Just recently, the BTC blockchain experienced its reward halving and a number of observers are monitoring the network’s health. The price has slowly risen higher, and the overall hashrate lost a touch of hashpower, but nothing drastic like some skeptics predicted. It should also be noted that the tether (USDT) market briefly eclipsed XRP’s on May 12, and the overall supply of stablecoins has crossed a $10 billion valuation.
USDT markets show that the market valuation of the stablecoin tether is $5.74 billion, or more than half the valuation of all the stablecoins in existence. After the bitcoin (BTC) halving on May 11, a number of users moved close to 24,000 BTC ($222 million) from centralized trading platforms, according to Glassnode’s Bitcoin Exchange Net-Flow statistics.
In mid-April, news.Bitcoin.com reported on a great number of BTC withdrawn from cryptocurrency trading platforms and after the third BTC halving, the trend has picked up once again. Data from Glassnode’s Bitcoin Exchange Net-Flow statistics show that close to 24,000 BTC has been withdrawn since May 11. Additionally, statistics from Bituniverse’s exchange reserve data indicate the same, but withdrawals are only affecting certain exchanges.
Crypto Exchange Bitcoin Withdrawals Grew Before the Halving, While Tether Rises
Exchange reserves according to Bituniverse (left) and Chain.info (right) on April 12, 2020. Chain.info stats are slightly different than Bituniverse’s stats.
In mid-April news.Bitcoin.com leveraged Glassnode’s data, statistics from Chain.info, and Bituniverse BTC reserve counts as well. That data shows that most of the movement came from specific exchanges and not the top dog. For instance, Coinbase still has the most reserves in BTC, and reserves have remained roughly the same. Huobi saw about 20K BTC leave since April 12. Bitfinex and Bitmex have seen some decent amounts of bitcoin withdrawn since then as well. Bitfinex had around 205K BTC in reserves in mid-April and today there’s only 134K today. Bitmex had around 228K BTC and on March 13, 2020 reserve data now shows 214K BTC. Bitstamp had 66K BTC on April 12, 2020, but today it has a touch more, holding 71K BTC according to Bituniverse data.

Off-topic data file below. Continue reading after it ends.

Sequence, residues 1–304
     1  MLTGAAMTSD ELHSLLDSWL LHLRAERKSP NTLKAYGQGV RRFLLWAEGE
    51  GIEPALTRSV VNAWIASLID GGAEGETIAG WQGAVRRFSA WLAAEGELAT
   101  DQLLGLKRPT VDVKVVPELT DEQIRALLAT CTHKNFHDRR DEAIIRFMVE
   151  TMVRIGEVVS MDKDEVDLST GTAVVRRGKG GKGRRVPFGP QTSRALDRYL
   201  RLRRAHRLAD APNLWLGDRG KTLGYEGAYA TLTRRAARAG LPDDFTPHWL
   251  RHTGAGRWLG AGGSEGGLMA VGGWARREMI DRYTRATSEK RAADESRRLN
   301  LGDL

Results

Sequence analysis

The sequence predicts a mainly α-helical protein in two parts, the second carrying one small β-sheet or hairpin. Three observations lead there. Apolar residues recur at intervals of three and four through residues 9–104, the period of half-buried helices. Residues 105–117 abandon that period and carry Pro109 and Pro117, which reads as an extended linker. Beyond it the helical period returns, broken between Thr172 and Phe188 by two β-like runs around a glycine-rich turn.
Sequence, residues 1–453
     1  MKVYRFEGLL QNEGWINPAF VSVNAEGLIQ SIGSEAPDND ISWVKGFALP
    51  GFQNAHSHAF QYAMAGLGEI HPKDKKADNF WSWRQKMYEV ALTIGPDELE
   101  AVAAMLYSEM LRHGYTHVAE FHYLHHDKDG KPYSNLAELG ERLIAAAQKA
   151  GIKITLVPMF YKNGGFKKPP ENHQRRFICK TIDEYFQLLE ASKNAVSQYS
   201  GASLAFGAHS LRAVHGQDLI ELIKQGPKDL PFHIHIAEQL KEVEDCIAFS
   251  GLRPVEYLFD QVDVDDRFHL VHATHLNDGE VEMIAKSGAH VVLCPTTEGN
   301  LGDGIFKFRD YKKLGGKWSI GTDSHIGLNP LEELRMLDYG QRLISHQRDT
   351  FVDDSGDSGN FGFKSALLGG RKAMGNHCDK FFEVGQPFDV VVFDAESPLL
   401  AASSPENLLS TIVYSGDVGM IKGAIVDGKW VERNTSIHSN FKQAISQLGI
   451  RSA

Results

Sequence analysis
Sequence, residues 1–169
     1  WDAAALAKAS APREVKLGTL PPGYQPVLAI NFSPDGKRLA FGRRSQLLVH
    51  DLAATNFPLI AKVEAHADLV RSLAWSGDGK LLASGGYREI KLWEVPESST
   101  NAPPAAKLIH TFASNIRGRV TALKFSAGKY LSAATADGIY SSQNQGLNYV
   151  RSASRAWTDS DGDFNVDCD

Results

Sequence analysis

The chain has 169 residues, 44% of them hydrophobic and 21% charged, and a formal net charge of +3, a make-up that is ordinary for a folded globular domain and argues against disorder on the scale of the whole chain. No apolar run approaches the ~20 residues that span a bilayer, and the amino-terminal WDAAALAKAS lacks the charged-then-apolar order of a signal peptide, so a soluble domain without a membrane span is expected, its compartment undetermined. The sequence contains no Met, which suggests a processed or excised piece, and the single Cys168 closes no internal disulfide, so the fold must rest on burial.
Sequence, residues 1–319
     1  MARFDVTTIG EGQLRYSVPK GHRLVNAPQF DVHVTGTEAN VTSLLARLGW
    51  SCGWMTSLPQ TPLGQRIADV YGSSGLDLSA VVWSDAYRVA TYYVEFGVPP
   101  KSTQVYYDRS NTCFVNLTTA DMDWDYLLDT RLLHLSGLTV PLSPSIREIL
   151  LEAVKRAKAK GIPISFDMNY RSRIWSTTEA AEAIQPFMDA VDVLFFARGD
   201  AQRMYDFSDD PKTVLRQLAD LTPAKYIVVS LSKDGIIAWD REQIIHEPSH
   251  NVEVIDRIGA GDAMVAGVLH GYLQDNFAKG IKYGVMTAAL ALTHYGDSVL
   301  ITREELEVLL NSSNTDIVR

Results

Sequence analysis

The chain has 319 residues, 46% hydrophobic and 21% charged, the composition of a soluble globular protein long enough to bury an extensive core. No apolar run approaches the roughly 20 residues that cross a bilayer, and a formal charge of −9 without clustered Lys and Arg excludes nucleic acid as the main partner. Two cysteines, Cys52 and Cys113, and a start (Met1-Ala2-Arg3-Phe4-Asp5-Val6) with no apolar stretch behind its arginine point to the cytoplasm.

Exchange reserves according to Bituniverse on May 13, 2020.
Of course, this has caused a number of larger exchanges, by order of reserve count, to move positions. Bitmex and Bitfinex have dropped down a number of notches since January 1, 2020. The top five cryptocurrency trading platforms today, after the third BTC halving, include Coinbase, Huobi, Binance, Okex, and Bitfinex. Glassnode’s statistics show $200 million leaving some of the top cryptocurrency exchanges after May 11, but a lot more BTC has been withdrawn since mid-April. On Wednesday, Glassnode also tweeted that the Bitcoin Exchange Net-Flow subsided a hair, prior to the halving and following the event as well. Glassnode wrote:
In the hours before and after Bitcoin’s halving, exchange net flow decreased significantly. So far, the event has had no impact on 2020’s trend of investors withdrawing BTC from exchanges.
Glassnode’s Bitcoin Exchange Net-Flow statistics shared by the official Twitter account on May 13, 2020.
The millions moved off of exchanges since mid-April have been far larger than the Proof-of-Keys day initiated by Trace Mayer, which really didn’t amount to much of anything. Additionally, just like within the mining industry, exchanges are seeing a massive power shift, and those who were once mega-exchanges are being replaced by newcomers. Coinbase, however, has maintained its #1 spot for a long time and still holds 1 million BTC in reserves, according to Bituniverse and Chain.info data.